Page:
The Canadian Press
OTTAWA–The federal government is spending $85 million to help develop advanced satellite technology with hopes it will one day expand access to affordable, high-speed internet to some of Canada’s hardest-to-reach regions.
The funding will support a space project by Ottawa-based company Telesat to build and launch a group of co-ordinated satellites–also known as a constellation–in low Earth orbit.
The Trudeau government also said yesterday it reached a preliminary agreement with Telesat that could see the government commit up to $600 million over 10 years for privileged access to the eventual group of satellites.
The Liberals have set a goal of ensuring all Canadians are connected to high-speed internet by 2030.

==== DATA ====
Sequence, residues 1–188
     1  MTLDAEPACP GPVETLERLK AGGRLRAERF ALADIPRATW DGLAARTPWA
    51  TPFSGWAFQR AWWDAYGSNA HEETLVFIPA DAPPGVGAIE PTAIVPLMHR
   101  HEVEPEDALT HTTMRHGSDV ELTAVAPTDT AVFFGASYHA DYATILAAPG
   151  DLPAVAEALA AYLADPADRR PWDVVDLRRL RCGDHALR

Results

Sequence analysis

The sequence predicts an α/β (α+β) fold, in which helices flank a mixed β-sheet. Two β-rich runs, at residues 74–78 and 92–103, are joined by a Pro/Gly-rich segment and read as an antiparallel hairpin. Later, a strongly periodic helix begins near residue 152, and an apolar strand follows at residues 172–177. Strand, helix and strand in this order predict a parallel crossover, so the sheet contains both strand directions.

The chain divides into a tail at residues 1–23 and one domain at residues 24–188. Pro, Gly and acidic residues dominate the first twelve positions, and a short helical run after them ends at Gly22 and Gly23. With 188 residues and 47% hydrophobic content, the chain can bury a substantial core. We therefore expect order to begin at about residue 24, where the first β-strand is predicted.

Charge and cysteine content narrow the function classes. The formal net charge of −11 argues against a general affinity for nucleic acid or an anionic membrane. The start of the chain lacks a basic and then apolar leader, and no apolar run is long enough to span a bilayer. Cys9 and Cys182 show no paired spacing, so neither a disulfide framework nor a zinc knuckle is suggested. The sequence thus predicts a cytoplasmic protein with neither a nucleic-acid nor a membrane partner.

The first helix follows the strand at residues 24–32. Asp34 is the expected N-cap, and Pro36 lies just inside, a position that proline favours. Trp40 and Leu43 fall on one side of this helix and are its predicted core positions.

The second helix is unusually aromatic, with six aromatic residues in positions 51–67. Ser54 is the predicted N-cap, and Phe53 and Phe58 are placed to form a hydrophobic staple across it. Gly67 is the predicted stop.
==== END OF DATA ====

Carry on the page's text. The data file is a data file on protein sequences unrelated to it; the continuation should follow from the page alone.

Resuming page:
“In communities across Canada there continue to be challenges accessing high-speed Internet,” said Economic Development Minister Navdeep Bains as he announced the new commitments in Ottawa.
“Just think of the economic opportunities that will be unlocked in Canada’s rural and remote communities with reliable access to high-speed internet.”
In March, the federal government earmarked between $5 billion and $6 billion over the next decade to connect 95 percent of Canadian homes and businesses to high-speed internet by 2026.
The Liberal government, however, has faced criticism for its efforts to expand rural and remote connectivity.
Last fall, a report said the Liberal government lacked a clear strategy to meet the connectivity needs in rural and remote areas.